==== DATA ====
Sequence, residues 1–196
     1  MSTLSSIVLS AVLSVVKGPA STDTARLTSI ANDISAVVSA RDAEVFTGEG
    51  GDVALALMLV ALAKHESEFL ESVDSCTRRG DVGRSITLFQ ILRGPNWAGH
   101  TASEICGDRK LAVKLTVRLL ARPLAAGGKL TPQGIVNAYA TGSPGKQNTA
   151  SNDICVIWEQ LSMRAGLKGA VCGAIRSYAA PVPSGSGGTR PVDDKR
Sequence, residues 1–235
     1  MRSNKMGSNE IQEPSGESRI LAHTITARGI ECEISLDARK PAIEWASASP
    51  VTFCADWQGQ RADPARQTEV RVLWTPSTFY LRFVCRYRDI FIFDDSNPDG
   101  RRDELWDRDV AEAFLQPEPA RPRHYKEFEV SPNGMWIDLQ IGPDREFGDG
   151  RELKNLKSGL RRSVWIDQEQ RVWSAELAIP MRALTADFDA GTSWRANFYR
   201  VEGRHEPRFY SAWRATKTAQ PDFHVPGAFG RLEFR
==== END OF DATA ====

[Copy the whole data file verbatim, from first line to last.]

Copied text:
Sequence, residues 1–196
     1  MSTLSSIVLS AVLSVVKGPA STDTARLTSI ANDISAVVSA RDAEVFTGEG
    51  GDVALALMLV ALAKHESEFL ESVDSCTRRG DVGRSITLFQ ILRGPNWAGH
   101  TASEICGDRK LAVKLTVRLL ARPLAAGGKL TPQGIVNAYA TGSPGKQNTA
   151  SNDICVIWEQ LSMRAGLKGA VCGAIRSYAA PVPSGSGGTR PVDDKR
Sequence, residues 1–235
     1  MRSNKMGSNE IQEPSGESRI LAHTITARGI ECEISLDARK PAIEWASASP
    51  VTFCADWQGQ RADPARQTEV RVLWTPSTFY LRFVCRYRDI FIFDDSNPDG
   101  RRDELWDRDV AEAFLQPEPA RPRHYKEFEV SPNGMWIDLQ IGPDREFGDG
   151  RELKNLKSGL RRSVWIDQEQ RVWSAELAIP MRALTADFDA GTSWRANFYR
   201  VEGRHEPRFY SAWRATKTAQ PDFHVPGAFG RLEFR